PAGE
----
China’s new tech market has already made three billionaires
By launching a new tech stock market, China is reminding the world of its goal to become a tech superpower. Losing top stocks to Nasdaq and other boards have caused long term frustrations for the country. They’ve been unable to stop companies from fleeing to more profitable markets.
The solution: Create a no rules, anything goes trading arena.
Why the STAR Market
The “STAR Market” opening on July 22nd defied all expectations, stunning investors worldwide.
The initial group of 25 companies saw stocks surge over 140% and $7 billion in shares traded. By the end of the day, the world had three new billionaires.
But is this growth sustainable enough to entice tech companies to return?
Investors aren’t confident, and with such a volatile market, they may be right. First-day gains were short-lived, and on the second day of trading, 21 out of the 25 companies saw their stocks fall.
No Trust in Governance
The Chinese equity markets have an image problem. They struggle with a lack of governance and missing money. In the past few months, billions of dollars have gone missing with no explanation.
China’s tech companies are choosing to bring their IPOs to safer markets. Trading in New York or Hong Kong is simply more profitable.
Trading with No Limits
One disadvantage of the Shanghai and Shenzhen exchanges is the capping of stock movements. These limits are the reason that sharp rises and drops are rare in China. The STAR Market plays by different rules. The board was approved to launch without no limits on share prices for the first five days. The lack of these limits is what propelled three businessmen into billionaire status.
Can the Frenzy Hold
According to a quote in Bloomberg by Sun Jianbo, president of China Vision Capital Management in Beijing, the answer is no. “We’ve never been in a market with no trading limits so it’s going to be a bit of a chaos in the early days of trading.”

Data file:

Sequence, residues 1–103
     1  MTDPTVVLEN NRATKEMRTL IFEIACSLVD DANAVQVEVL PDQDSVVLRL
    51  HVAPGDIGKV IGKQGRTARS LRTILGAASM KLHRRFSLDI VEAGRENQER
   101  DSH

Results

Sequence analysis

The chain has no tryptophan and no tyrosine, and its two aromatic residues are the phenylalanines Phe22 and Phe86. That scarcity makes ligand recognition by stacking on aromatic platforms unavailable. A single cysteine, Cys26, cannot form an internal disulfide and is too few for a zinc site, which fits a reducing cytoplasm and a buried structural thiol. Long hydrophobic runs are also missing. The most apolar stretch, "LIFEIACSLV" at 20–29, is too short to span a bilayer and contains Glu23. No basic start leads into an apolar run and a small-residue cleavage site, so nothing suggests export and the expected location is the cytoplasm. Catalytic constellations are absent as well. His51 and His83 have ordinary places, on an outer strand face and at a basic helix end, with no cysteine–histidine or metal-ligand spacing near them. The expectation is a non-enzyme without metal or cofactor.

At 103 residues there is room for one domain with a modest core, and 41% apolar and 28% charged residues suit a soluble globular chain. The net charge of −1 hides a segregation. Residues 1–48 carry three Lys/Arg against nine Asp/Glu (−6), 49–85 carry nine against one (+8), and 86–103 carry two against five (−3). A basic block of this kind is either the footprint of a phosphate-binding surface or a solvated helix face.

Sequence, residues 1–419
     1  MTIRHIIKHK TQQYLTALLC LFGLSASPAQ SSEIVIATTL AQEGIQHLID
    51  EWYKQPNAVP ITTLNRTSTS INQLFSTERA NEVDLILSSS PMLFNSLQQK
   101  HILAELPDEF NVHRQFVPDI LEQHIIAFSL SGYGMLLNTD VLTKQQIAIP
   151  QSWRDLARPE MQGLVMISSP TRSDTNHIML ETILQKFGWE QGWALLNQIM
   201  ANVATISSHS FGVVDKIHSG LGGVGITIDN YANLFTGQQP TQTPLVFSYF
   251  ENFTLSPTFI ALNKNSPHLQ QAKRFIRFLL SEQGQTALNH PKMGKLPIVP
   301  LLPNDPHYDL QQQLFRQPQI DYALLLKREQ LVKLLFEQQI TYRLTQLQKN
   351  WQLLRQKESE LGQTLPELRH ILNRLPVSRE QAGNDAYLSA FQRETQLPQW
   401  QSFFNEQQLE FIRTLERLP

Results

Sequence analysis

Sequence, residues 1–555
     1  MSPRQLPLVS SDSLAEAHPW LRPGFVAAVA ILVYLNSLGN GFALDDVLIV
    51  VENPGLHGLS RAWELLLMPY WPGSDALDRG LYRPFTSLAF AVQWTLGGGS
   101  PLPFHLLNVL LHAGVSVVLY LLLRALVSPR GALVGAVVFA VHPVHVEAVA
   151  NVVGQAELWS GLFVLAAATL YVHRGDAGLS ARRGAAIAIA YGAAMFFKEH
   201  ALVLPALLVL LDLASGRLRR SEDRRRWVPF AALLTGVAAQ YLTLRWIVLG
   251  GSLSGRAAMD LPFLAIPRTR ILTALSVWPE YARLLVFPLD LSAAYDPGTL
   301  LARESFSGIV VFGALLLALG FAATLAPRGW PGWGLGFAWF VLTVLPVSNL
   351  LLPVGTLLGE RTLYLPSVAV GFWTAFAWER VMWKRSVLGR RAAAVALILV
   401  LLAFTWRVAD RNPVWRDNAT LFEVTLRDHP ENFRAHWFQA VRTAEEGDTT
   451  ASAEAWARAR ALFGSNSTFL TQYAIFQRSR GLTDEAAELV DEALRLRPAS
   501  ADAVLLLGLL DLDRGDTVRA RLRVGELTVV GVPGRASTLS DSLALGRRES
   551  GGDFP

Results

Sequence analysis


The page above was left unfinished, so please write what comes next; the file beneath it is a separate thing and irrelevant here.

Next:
Day two of trading saw much smaller gains, with the highest increase coming in at 14.2%.
China Railway Signal & Communication Corp saw a drop of 18.4%, the sharpest of the 25 companies.
Veteran traders aren’t surprised by the slowdown. The market is expected to decline over the next several months. Investors worry that as the stocks fall, regulators may choose to interfere. If the STAR market is going to be a true equal to the Nasdaq, the government will need to let the market play out on its own.
By the end of trading on Friday, the Star Market had still been unable to recreate its opening day gains. In an interview with Tech In Asia, Jiang Guangyuan, a large scale investor who purchased 1,000 stocks on day one, was disappointed about the lack of resilience.
“As a seasoned stock investor with more than 20 years of experience, I believed that shares of the companies would keep rising for at least five days when they started trading,” says Jiang, the former manager of a state-owned company in Shanghai. “I am currently stuck with paper losses, but still believe that the losses can be recovered in the near future.”
While there was no end of week rally, the overall performance of the market was satisfactory, with an average gain of 140% from IPO prices. The highs and lows of week one will be tempered going forward with the daily trading limit of 20% is now in effect.
Despite the uncertainty, companies are still queuing up to be part of the board, with 120 companies petitioning to join.
China is going to have practice patience if it hopes to bring home tech IPOs. Chinese high-tech leaders, like Alibaba and Xiaomi, are unlikely to be in a rush to join the STAR Market. It’s going to be an irrational and volatile market over the next several months.
Outlook: Proceed with caution.
Wang Mingli, executive director at Shanghai Youpu Investment Co told bloomberg.com,
“There’s room for some serious arbitrage with returns of five times in one day, but there’s nothing to get overly excited about just now.”